An intimate account of life in a West African fishing village, tugged by currents ancient and modern, and dependent on an ocean that is being radically transformed.
The sea is broken, fishermen say. The sea is empty. The genii have taken the fish elsewhere.
For centuries, fishermen have launched their pirogues from the Senegalese port of Joal, where the fish used to be so plentiful a man could dip his hand into the grey-green ocean and pull one out as big as his thigh. But in an Atlantic decimated by overfishing and climate change, the fish are harder and harder to find.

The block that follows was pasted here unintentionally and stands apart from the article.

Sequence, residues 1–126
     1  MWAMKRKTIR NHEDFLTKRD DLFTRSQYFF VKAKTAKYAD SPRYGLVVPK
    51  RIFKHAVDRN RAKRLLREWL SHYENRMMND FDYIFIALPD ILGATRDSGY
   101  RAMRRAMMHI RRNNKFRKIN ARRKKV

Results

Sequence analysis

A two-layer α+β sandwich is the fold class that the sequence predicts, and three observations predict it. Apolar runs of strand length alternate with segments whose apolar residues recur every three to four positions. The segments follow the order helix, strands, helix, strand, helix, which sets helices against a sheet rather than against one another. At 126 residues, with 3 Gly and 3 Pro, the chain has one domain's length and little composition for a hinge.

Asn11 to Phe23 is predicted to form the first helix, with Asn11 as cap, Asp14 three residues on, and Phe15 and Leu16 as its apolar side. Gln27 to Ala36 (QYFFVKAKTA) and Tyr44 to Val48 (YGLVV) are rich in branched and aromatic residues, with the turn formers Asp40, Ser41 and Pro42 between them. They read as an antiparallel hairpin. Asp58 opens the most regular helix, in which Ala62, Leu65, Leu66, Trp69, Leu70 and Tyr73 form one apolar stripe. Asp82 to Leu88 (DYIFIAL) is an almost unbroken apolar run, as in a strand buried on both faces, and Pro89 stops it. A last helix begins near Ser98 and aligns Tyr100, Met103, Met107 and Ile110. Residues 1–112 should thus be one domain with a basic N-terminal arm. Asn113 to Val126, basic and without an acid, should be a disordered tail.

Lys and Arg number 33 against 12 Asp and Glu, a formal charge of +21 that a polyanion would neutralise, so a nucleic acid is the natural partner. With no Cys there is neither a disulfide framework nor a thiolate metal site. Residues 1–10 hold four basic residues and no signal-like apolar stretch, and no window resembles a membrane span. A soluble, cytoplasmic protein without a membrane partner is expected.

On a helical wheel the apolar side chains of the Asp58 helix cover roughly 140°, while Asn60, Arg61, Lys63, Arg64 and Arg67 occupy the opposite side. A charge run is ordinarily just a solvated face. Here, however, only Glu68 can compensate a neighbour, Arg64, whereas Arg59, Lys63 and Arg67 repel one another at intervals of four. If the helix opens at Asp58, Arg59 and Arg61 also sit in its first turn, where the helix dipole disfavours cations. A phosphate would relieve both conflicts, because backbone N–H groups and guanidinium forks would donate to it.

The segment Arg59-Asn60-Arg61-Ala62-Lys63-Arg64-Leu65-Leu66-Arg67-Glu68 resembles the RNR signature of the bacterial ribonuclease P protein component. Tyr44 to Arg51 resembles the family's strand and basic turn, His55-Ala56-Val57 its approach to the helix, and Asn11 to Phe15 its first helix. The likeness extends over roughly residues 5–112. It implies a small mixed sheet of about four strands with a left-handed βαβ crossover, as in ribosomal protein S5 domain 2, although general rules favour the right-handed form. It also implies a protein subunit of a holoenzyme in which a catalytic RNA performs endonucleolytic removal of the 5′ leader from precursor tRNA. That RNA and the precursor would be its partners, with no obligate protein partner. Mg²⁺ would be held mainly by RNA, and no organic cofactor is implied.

Here, Badkhen discovers, all boundaries are permeable--between land and sea, between myth and truth, even between storyteller and story. Fisherman's Blues immerses us in a community navigating a time of unprecedented environmental, economic, and cultural upheaval with resilience, ingenuity, and wonder.